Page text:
Duke Nukem Forever, a game that has been in development through the majority of my own time on this earth, has finally received it's long awaited release, spewing it's manly testosterone towards the hungry masses with their mouths agape just so they may have the chance be as awesome as Duke someday. I have played Duke's previous installments of over the top violence and nonsensical plot lines, while it was fun for me at such a young age it no longer has the same appeal to me. Today, I have no interest in Duke Nukem Forever, it no longer grasps my attention like the woman on the box cover desires to grasp Duke's gun... you don't see it? She's right there... no more to the right... yeah... that her, that one disembodied manicured hand just barely grazing his package, conveniently covered by what else but a gold plated gun. Compensating much?

Look at this thing! Sigmund Freud must be spinning in his grave!

My point is, this ridiculously over the top game has become a paragon of what has become a strange trend in video game wish fulfillment: Super bad ass protagonists.
Games that feature such protagonists are a type of wish fulfillment, a way for the player to enact feelings of grandeur as they play a super powered main character who can mow down an entire legion of enemies with a flick of his wrist. Several popular titles do this: Halo, God of War, Devil May Cry, Gears of War, ect. Basically any character that is put up to do impossibly cool shit almost all the time as if it were nothing but a trip to the grocery store.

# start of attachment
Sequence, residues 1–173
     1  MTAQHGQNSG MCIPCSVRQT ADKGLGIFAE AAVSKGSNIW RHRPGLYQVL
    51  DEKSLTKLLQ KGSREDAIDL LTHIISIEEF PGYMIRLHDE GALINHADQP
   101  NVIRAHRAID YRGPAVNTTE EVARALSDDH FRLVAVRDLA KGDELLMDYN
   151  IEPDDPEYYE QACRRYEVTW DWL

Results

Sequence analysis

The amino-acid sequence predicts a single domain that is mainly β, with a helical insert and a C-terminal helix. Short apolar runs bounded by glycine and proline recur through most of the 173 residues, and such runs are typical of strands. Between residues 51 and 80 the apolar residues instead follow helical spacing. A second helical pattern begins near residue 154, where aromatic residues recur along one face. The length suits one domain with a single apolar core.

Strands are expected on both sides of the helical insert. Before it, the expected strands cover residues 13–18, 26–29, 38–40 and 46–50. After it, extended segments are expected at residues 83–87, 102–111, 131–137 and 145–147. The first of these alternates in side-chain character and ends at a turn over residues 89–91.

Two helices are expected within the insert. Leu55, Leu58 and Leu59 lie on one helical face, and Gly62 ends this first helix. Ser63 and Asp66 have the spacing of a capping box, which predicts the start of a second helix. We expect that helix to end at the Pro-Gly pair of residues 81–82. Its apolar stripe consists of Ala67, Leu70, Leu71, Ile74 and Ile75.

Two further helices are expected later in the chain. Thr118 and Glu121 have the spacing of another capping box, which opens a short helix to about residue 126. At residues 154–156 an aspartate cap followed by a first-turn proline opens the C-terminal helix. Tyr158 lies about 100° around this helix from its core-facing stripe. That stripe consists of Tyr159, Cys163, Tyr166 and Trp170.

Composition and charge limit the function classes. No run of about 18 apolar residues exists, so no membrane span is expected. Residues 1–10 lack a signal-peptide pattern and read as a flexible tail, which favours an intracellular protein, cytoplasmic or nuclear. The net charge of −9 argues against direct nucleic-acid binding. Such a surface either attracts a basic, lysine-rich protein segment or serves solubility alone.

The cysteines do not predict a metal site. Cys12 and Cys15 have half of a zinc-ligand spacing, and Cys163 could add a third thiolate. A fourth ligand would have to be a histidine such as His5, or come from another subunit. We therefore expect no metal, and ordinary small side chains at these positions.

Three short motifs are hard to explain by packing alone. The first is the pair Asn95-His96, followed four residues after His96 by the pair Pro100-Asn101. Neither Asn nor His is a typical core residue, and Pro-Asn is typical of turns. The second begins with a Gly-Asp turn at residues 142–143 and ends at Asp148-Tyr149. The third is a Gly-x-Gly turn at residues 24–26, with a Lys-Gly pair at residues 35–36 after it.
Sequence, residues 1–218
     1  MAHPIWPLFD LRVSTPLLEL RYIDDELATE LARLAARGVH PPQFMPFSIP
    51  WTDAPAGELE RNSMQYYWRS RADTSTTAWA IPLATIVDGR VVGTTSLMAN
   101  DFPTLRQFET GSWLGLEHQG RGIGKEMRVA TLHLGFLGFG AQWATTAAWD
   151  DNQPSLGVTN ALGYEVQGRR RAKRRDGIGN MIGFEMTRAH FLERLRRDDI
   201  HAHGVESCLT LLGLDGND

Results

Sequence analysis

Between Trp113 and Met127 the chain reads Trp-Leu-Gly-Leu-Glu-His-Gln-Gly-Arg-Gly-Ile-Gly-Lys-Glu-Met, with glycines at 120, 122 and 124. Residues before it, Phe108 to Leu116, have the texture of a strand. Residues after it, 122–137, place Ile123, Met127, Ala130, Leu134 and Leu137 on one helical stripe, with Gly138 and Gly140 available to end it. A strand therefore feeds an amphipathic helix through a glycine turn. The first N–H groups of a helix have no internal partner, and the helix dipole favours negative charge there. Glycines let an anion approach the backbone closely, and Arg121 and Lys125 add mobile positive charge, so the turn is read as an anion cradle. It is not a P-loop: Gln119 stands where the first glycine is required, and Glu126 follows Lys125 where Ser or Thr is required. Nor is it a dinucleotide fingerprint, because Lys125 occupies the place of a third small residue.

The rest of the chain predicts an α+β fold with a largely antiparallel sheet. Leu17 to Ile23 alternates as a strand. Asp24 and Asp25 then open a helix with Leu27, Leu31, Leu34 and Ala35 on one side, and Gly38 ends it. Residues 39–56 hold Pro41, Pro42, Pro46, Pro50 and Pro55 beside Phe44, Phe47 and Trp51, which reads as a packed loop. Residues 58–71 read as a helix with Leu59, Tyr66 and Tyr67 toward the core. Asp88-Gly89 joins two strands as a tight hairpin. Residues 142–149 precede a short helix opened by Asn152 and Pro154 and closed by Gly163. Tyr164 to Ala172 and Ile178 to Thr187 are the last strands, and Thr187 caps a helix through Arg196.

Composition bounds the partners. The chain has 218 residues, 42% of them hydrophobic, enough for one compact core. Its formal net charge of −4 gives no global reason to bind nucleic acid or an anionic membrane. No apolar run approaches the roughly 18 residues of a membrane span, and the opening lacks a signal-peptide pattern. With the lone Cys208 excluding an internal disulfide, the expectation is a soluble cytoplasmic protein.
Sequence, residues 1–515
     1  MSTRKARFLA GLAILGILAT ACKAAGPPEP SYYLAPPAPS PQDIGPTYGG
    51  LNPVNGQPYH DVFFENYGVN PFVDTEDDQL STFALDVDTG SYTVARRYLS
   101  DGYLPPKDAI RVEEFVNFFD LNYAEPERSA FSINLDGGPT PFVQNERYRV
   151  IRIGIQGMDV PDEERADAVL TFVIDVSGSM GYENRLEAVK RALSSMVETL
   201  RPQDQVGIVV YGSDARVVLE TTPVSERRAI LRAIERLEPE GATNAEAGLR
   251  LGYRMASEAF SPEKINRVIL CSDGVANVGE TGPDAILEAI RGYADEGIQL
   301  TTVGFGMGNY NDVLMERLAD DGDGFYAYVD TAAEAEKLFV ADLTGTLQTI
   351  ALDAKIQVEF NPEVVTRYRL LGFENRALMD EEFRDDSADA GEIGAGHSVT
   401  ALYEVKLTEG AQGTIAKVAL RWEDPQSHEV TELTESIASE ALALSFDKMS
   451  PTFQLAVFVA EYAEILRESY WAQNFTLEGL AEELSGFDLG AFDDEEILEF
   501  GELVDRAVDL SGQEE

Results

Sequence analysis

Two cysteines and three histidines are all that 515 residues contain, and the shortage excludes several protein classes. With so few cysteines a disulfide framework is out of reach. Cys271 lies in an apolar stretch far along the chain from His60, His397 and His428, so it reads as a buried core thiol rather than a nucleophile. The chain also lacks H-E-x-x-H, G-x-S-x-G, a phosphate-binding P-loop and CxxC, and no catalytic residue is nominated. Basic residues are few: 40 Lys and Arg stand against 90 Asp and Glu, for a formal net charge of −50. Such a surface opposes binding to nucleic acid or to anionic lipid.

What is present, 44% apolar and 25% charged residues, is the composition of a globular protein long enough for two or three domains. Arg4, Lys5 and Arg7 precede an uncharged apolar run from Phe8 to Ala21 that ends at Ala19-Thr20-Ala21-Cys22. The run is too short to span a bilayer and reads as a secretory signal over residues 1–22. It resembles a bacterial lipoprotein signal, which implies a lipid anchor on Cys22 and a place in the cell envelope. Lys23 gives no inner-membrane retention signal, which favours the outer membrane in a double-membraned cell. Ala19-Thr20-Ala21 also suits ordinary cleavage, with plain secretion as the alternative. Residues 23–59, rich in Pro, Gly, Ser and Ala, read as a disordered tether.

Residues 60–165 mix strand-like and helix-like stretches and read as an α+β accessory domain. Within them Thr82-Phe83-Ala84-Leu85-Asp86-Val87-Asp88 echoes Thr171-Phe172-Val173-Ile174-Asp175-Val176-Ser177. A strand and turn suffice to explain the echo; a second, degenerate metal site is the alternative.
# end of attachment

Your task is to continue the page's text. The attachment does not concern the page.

The fact is... playing these characters can be all well and good, but today the idea has become so over used that it has reached the point of becoming boring and mundane. Who would want to play such a ridiculously over the top character all the time? Eventually you will need to expect them to push the bar higher on what they can do, but if they are expected to do such amazing things all the time it can be hard to top that. So you can flick your wrist and everything in a 5 mile radius has their organs rupture, that's cool, but after the 8th time you do it it loses it's luster, and it's going to be hard to find something more amazing than that.
Now consider a more moderate character: He isn't expected to do anything over the top very often, but when he does it's spectacular because it is so rare. With characters like this, it is more exhilarating to see them achieve something grand or do something spectacular because you know you put in the work to achieve it. This is why such sandbox games such as GTA or Assassin's Creed are so fun, because you start out on the bottom and work your way up, and when you do pull off some crazy stunt you took the time to plan and prepare for it.
A noteworthy character that follows this example is Gordon Freeman from Half Life. When you consider the fact that he's nothing more than a scientists who never fired a gun before, it makes his achievement that much more meaningful. It's also good to notice that he is completely silent, so he gives off almost no sense of ego, he is badass not because of who he is but what he has done.
To put it simply, wish fulfilling characters in games is like having your cake and eating it too, but nobody wants cake all the time. Consider the modest vegetable for your palate fr your next meal.
I'd enjoy playing as Ace Rimmer. What a guy!